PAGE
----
Meanwhile, the United Nations has unequivocally confirmed that Apartheid was a crime against humanity, rubbishing claims by De Klerk to the contrary.

The Office of the High Commissioner for Human Rights has confirmed to SABC News that Apartheid was a well-established crime against humanity because it meets two key elements of being both widespread and systematic.

As our Correspondent at the UN, Sherwin Bryce-Pease reports the General Assembly adopted a resolution as far back at 1966 when it labeled Apartheid a crime against humanity  – a determination that was endorsed in a Security Council resolution in 1984.

“The Office of the High Commissioner for Human Rights pointed to the 1973 International Convention on the Suppression and Punishment of the Crime of Apartheid. Article 1 of that Convention declares Apartheid a crime against humanity and that inhuman acts resulting from the policies and practices of Apartheid are crimes violating the principles of international law.

“In addition, the Rome Statute specifically lists the Crime of Apartheid in its list of Crimes Against Humanity, while Human Rights Watch confirmed it as a distinct crime against humanity and a crime also under customary international law,” Bryce-Pease explained.

‘Difficult to charge De Klerk’

The Human Rights Commission says it would be difficult to charge FW De Klerk for his apartheid remarks.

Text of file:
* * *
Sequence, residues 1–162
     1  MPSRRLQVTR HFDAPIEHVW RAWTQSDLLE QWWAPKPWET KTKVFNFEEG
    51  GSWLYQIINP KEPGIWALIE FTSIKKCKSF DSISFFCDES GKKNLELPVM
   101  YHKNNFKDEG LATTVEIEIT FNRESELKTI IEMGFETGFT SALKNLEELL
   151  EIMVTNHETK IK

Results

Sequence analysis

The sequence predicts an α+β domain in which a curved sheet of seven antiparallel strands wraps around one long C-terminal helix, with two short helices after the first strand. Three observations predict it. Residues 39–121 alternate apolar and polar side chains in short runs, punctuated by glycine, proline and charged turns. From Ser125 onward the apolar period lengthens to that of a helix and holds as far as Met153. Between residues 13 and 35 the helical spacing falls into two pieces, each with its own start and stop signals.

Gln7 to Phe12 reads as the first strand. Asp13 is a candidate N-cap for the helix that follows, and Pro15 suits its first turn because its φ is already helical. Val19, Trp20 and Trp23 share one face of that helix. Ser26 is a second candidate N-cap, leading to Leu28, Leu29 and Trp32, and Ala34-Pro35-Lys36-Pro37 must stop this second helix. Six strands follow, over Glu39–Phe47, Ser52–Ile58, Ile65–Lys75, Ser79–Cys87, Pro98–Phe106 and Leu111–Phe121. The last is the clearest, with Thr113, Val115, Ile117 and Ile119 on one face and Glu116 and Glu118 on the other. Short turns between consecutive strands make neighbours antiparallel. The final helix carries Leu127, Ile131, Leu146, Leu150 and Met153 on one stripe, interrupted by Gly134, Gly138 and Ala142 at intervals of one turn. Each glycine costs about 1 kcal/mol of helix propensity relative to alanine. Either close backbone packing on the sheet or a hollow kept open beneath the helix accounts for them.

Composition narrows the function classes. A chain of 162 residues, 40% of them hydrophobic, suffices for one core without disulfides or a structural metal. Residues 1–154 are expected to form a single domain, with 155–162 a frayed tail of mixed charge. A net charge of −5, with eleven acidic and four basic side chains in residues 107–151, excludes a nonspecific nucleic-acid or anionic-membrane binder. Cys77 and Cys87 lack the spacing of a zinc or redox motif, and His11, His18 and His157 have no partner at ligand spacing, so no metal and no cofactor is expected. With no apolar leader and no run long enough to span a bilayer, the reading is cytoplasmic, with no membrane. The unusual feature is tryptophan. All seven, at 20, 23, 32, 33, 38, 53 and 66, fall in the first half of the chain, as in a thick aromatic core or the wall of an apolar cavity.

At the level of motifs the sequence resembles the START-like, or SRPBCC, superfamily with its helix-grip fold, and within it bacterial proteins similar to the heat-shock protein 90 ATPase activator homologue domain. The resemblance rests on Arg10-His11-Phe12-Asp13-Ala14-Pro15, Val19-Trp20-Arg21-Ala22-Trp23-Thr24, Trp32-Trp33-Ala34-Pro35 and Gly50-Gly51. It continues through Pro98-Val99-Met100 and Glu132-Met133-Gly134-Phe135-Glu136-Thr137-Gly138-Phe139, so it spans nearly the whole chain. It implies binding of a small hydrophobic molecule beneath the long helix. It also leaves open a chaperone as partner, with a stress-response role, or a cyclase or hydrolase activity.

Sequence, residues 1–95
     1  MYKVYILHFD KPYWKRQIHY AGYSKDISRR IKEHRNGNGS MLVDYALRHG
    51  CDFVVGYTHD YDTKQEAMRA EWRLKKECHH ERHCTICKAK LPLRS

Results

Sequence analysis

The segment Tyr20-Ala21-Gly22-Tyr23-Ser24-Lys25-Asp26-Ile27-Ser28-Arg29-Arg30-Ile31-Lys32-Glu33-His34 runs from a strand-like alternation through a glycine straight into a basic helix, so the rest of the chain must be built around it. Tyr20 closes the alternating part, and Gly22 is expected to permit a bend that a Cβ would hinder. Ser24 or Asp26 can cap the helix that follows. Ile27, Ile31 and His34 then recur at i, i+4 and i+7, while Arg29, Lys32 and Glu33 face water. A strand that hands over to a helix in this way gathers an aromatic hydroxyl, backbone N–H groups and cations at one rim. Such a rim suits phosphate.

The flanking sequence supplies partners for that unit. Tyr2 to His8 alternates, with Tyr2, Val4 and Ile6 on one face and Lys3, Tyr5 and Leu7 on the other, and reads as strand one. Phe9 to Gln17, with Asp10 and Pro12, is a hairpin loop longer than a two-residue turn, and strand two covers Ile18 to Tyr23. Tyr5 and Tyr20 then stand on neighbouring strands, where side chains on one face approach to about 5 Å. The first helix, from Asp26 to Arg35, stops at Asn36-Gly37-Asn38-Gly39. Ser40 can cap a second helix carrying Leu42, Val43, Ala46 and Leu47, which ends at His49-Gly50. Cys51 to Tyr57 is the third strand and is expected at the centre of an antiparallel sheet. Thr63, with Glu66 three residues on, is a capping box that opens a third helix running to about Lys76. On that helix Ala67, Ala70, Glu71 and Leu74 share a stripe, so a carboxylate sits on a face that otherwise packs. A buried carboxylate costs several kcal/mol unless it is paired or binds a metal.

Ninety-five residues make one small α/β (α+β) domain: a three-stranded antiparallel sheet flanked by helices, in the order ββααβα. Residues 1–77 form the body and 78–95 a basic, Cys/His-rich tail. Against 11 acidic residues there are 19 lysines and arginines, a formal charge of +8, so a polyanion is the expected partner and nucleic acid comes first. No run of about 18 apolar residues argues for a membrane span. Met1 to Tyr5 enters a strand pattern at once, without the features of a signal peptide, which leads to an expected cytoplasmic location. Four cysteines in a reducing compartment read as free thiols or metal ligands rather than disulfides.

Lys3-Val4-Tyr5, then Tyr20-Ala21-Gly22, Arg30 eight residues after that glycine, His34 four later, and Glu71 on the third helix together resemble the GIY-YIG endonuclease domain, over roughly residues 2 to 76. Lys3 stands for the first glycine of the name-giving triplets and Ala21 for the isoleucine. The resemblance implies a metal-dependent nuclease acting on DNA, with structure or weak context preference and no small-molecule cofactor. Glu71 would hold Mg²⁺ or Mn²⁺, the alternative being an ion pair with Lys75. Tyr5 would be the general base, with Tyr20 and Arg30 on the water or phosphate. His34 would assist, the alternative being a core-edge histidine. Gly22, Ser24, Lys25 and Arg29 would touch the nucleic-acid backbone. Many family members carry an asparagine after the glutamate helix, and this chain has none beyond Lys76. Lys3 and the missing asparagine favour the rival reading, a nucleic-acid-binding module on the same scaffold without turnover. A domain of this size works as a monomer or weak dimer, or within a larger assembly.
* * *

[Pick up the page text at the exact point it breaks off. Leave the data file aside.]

The commission’s CEO Tseliso Thipanyane explains, “Since 1994 we’ve said let’s us move from the past to the future and also remember the ANC itself took a number of National Party members Mr Marthinus  Van Schalkwyk became ministers in the new South Africa. So we can’t focus on one person and not focus on others. There are a number of people who were in the previous apartheid government and became officials in the new South Africa.”

In the video below SAHRC CEO Tseliso Thipanyane explains why it would be difficult to charge De Klerk:

 

Ramaphosa must give ‘action plan’ to address the high unemployment rate: Analyst
13 February 2020, 3:45 PM

The country is anxiously waiting to hear how the government intends to address the high unemployment rate and crises at the failing state-owned enterprises when President Cyril Ramaphosa delivers his State-of-the-Nation Address on Thursday evening.

South Africa’s economy is growing below 1% making it even less likely to create jobs to reduce the high unemployment rate which is now sitting at 29% and is expected to increase in 2020.

Analysts say the President needs to give a clear indication of what government is going to do to stimulate the economy.

Chief Economist at the Centre for Risk Analysis Ian Cruickshanks says Ramaphosa must give action plans.

“He’s (going) to say that these are his plans for growing the economy, getting it at a higher tempo and then by that way, manufacturing the possibilities of new jobs.  Job creation – he must show us the plans that they have. They keep talking about it but nothing ever happens. All we see is even higher unemployment. So, clear the strategy of the recent past has not been working.”

Meanwhile, the red carpet has been rolled out in the Parliamentary precinct ahead of Ramaphosa’s address.

The carpet is normally the final touch in getting the precinct ready for the SONA.